Workers Struggles: Europe & Africa

23 February 2007


France: Louvre museum attendants strike to demand bonus payments

Gallery attendants at the Louvre museum in Paris staged a partial strike on February 14 to demand an extra bonus payment related to the added stress caused by dealing with the tens of thousands people who daily visit the Mona Lisa painting. The museum attracted 8.3 million visitors last year, with about 7 million of these just there to see the famous painting by Leonardo Da Vinci.

The strike was organised by the Solidaires Unitaires Démocratiques trade union. During the preceding week, union members put up stickers with a picture of Mona Lisa and the words: “My caretakers have had enough. Give them their due—150 euros!”

A trade union official said of the dispute, “We have to play the policeman all the time. It is exhausting and frustrating. The visitors are sometimes aggressive because they cannot have their photo and spend time enjoying the painting.”

The union said that some staff at the Musée d’Orsay, Versailles Palace and other French galleries and museums were also striking to protest their working conditions and recent staff reductions.

Louvre management stated that the dispute only involved 5 percent of the museum’s 1,100 attendants.

Russian sailors continue barricade of ship in pay dispute

Twenty Russian sailors barricaded themselves in their cabins this week in an ongoing protest over the non-payment of wages and the hours they are forced to work. On February 21, the sailors spent a second night aboard the Merchant Brilliant, anchored off Heysham on the Lancashire coast, in the northwest of England.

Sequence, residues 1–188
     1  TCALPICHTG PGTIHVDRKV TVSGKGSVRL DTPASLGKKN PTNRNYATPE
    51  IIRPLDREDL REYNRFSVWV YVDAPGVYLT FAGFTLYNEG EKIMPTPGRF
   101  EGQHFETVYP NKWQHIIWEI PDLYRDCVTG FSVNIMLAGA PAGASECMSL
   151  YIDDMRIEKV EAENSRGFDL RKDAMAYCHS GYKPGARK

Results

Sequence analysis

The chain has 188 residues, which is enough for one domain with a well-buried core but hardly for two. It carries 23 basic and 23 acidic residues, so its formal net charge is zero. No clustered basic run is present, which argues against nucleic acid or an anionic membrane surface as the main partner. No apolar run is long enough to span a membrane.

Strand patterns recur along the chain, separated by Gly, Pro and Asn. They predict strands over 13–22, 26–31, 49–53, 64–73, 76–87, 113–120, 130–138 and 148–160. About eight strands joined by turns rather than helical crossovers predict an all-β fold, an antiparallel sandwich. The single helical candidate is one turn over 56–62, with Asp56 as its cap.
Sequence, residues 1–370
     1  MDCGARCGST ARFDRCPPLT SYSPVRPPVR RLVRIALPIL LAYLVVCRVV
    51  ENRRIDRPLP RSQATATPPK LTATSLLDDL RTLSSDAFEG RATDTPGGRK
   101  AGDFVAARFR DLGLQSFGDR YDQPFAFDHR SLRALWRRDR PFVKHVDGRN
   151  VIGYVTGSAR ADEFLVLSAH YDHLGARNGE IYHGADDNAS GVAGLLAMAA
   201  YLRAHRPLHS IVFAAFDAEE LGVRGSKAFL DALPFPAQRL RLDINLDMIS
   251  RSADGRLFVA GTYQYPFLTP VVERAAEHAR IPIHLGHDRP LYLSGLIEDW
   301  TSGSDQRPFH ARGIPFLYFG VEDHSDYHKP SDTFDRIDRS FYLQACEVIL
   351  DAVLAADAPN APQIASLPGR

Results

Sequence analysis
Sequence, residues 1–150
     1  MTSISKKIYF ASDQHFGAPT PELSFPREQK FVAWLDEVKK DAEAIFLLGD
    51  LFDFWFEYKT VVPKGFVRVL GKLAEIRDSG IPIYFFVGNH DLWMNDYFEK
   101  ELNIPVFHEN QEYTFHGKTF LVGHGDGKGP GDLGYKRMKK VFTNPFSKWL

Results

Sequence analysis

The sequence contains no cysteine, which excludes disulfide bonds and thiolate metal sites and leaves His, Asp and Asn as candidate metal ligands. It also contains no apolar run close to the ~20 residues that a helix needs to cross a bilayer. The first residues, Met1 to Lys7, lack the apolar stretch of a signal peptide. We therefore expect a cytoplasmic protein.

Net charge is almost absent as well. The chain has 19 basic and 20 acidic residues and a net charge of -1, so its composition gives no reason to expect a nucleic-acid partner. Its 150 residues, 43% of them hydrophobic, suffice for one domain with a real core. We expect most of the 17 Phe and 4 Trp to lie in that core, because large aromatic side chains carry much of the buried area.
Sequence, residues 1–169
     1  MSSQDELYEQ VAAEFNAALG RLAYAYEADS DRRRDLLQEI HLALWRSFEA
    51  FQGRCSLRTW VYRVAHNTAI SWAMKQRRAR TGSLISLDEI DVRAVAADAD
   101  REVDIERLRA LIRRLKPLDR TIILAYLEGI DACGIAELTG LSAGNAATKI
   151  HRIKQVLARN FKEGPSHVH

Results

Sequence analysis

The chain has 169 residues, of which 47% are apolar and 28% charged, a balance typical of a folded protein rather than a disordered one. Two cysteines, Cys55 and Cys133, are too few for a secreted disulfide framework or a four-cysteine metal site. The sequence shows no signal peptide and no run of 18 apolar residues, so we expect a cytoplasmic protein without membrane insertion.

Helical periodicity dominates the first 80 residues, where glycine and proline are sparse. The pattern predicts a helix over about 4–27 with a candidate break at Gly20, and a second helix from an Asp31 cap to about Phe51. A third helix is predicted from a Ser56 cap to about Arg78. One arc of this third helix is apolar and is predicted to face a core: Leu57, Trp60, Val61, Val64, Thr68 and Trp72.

The sailors allege that they are owed £86,516 (US$167,000). The ship is owned by a Latvian-based firm, ADG Shipping, and was detained at Dublin in December of last year over the disputed wages owed to the crew.

The company were also forced to pay €127,971 in back wages last November to the crew of Merchant Brilliant’s sister vessel, the Merchant Bravery. Merchant Bravery was detained by port authorities at Belfast for seven days during that dispute. The sailors are currently negotiating with ADG Shipping regarding the pay dispute, and the International Transport Workers’ Federation are also involved in the talks.

One of the ITF inspectors said that if the dispute were not resolved shortly, the crew were likely to submit a petition to have the ship arrested, which would mean the ship would sail back to port. Papers would then be served on the vessel,, and it would be impounded pending a court settlement.

England: Parking attendants strike in dispute over trade union recognition

Some 70 parking enforcement staff employed by National Car Parks (NCP) in Enfield, England, staged a second day of strike action on February 17. The strike is part of a series of five 24-hour stoppages. The first strike was held on February 14.

The attendants are protesting the NCP’s refusal to recognise the GMB trade union for bargaining on pay and conditions. This despite the fact that more than 80 percent of the workforce are members of the GMB. During the day of action, the attendants set up a stall in Enfield town centre to publicise the dispute.

London Underground staff vote to strike in contract dispute

On February 19, several thousand workers employed by London Underground (LU) voted for industrial action in a dispute over pay. The employees are members of the Rail, Maritime and Transport trade union (RMT) and have voted to reject a 4 percent pay increase and three subsequent annual inflation-linked pay settlements. The deal also has a number of strings attached, including an element of performance-related pay termed the Customer Satisfaction Bonus scheme. Under this scheme, staff will be offered £250 or £500 if they meet or exceed various targets. The company also wants the union to sign an agreement that the Underground can be run half an hour later on Friday and Saturday nights from May.